For the first time, scientists have demonstrated laser communications between a microsatellite and a ground station while using the quantum nature of photons to secure the data being transmitted.
The work, carried out by researchers at the National Institute of Information and Communications Technology (NICT) in Japan and recently published in the journal Nature Photonics, demonstrates an "unhackable" quantum communications technology known as Quantum Key Distribution, or QKD.
As the world edges closer to quantum computing, current methods of securing transmitted data may be rendered obsolete so a new method to secure data will be required, the researchers argue. [Twisted Physics: 7 Mind-Blowing Findings]
"The main advantage [of QKD] is the unconditional security," team leader Alberto Carrasco-Casado told Space.com. "When quantum computers are developed, the security of conventional communications will be compromised, since current cryptography is based only on computational complexity.
"The development of practical quantum computers is only a matter of time, which has made quantum communication a hot topic in the last few years, and the tendency is foreseen to increase in the future," he added.
QKD is a very attractive method to totally secure communications. By recording data in the quantum states of individual photons, the process ensures that should the signal be intercepted, the quantum states will change — causing the recipient of the signal to be alerted of the breach.
This is a basic tenet of quantum mechanics, based on Heisenberg's uncertainty principle; one cannot simply observe a quantum particle (in this case a photon) without irrevocably changing that particle's quantum state. With QKD, a secret key is shared between the transmitter and receiver. If a hacker tries to decode the signal as it travels from one to the other, the signal itself changes on a quantum level. So the system detects the hacking event, the secret key is discarded and the signal is broken, preventing the hack from continuing.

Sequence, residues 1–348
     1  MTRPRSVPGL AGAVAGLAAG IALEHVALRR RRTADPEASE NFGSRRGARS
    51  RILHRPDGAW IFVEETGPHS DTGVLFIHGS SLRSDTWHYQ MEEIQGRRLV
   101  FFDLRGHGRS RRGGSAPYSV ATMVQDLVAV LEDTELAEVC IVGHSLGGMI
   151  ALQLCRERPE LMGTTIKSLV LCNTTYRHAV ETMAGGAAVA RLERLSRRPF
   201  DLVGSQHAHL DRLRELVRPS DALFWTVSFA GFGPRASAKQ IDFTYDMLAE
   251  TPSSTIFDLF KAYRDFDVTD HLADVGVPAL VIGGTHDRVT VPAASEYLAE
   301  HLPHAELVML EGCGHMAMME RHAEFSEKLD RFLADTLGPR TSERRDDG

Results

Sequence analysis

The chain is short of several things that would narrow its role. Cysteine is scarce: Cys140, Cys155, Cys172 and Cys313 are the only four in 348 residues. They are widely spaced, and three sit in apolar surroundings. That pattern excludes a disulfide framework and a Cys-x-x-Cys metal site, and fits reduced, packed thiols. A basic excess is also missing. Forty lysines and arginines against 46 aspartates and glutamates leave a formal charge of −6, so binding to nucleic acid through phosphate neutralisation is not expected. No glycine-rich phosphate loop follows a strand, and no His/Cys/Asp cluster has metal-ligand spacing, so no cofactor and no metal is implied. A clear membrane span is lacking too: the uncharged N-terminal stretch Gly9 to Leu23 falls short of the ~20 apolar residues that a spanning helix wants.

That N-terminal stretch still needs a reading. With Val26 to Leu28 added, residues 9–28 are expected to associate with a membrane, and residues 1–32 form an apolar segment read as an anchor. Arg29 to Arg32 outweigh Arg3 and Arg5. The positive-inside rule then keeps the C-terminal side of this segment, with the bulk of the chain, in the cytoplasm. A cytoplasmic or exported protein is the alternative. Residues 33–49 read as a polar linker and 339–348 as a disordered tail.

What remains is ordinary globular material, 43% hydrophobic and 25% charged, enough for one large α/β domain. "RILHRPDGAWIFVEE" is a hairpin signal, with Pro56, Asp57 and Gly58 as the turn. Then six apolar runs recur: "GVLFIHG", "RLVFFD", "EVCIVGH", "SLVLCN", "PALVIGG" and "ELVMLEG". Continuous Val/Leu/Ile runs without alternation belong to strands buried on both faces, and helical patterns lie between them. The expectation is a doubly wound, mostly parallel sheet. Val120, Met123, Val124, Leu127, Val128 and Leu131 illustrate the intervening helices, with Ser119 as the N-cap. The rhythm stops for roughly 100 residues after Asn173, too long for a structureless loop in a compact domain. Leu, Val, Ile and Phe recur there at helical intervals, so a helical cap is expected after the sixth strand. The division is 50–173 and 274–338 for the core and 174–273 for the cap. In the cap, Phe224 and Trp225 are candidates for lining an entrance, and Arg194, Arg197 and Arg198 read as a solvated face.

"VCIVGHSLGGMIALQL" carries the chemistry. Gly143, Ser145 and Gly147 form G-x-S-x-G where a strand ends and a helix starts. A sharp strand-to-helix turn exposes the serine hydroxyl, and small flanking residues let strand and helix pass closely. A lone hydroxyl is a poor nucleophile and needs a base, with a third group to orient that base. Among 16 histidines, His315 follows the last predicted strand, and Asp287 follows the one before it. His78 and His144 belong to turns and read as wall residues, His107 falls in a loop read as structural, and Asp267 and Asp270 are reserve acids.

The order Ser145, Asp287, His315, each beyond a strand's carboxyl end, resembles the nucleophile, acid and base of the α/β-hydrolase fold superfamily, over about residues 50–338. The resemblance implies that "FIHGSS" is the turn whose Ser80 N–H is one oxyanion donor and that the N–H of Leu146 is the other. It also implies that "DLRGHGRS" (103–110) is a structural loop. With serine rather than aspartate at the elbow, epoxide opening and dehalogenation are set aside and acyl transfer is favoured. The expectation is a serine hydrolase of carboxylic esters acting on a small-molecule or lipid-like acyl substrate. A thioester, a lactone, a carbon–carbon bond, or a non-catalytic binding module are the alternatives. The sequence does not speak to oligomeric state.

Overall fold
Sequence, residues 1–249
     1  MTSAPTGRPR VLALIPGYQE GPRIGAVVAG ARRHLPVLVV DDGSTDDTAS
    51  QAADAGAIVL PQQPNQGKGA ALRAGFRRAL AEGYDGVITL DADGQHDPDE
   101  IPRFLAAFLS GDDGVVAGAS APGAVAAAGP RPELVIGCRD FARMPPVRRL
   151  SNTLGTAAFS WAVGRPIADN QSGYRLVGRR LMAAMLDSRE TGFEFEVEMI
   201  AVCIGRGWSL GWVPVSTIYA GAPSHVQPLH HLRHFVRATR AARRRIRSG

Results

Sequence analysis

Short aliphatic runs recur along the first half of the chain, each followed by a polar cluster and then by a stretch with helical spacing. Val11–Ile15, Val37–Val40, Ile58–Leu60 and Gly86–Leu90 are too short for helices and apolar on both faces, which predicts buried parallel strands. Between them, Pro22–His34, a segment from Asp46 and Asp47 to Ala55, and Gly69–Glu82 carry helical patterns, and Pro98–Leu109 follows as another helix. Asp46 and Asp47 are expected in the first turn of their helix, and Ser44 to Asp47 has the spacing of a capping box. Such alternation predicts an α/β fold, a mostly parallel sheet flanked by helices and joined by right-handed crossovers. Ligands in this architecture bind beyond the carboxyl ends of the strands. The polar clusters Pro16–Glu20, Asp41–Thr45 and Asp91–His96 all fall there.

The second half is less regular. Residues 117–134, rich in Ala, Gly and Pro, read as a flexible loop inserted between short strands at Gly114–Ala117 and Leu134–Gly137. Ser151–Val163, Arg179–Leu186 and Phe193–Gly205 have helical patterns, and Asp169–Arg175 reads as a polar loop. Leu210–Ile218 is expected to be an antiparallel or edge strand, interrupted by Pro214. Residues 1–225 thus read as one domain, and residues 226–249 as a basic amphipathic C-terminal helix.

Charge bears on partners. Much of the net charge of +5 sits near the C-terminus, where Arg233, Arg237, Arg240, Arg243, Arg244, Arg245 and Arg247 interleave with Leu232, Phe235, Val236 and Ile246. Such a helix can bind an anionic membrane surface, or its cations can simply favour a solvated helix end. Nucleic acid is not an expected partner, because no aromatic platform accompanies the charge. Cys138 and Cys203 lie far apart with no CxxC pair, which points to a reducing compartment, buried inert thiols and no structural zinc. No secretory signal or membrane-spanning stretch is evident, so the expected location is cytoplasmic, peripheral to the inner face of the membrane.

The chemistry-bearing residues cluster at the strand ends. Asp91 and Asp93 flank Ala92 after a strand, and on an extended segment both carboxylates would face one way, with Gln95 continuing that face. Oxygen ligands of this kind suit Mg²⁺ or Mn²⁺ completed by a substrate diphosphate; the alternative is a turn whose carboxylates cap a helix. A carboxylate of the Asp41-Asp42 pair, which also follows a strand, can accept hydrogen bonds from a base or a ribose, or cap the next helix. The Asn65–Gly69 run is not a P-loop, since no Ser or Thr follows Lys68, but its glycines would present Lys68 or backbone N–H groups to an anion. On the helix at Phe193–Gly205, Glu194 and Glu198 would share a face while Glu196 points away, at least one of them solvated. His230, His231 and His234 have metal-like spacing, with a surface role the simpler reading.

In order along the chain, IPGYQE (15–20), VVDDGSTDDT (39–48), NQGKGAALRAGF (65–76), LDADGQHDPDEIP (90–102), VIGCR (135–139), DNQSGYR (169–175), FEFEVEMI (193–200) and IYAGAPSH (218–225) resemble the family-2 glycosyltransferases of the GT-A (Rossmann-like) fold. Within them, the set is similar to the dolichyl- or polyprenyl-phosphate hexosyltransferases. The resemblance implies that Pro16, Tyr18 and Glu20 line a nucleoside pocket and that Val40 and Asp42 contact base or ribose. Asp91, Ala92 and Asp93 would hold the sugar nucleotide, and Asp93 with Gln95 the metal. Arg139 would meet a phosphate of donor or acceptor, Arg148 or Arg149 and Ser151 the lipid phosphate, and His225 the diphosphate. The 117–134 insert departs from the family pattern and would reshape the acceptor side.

To demonstrate this secured, high-capacity transmission of data between an Earth-based station and a satellite in low-Earth orbit (LEO), Carrasco-Casado's team used the quantum-communication transmitter, called SOTA (Small Optical TrAnsponder), on board the microsatellite SOCRATES (Space Optical Communications Research Advanced Technology Satellite) that was launched by the Japan Aerospace Exploration Agency (JAXA) in 2014.
Weighing only 13 lbs. (6 kilograms), SOTA is the smallest quantum communications transmitter ever tested. Orbiting above Earth at 372 miles (600 kilometers), SOCRATES was traveling at over 15,000 mph (7 kilometers per second) when SOTA would establish contact with a 1-meter telescope located in Tokyo's Koganei city. The received signal was then guided to a quantum receiver to decode the information using a QKD protocol, the researchers wrote in their study.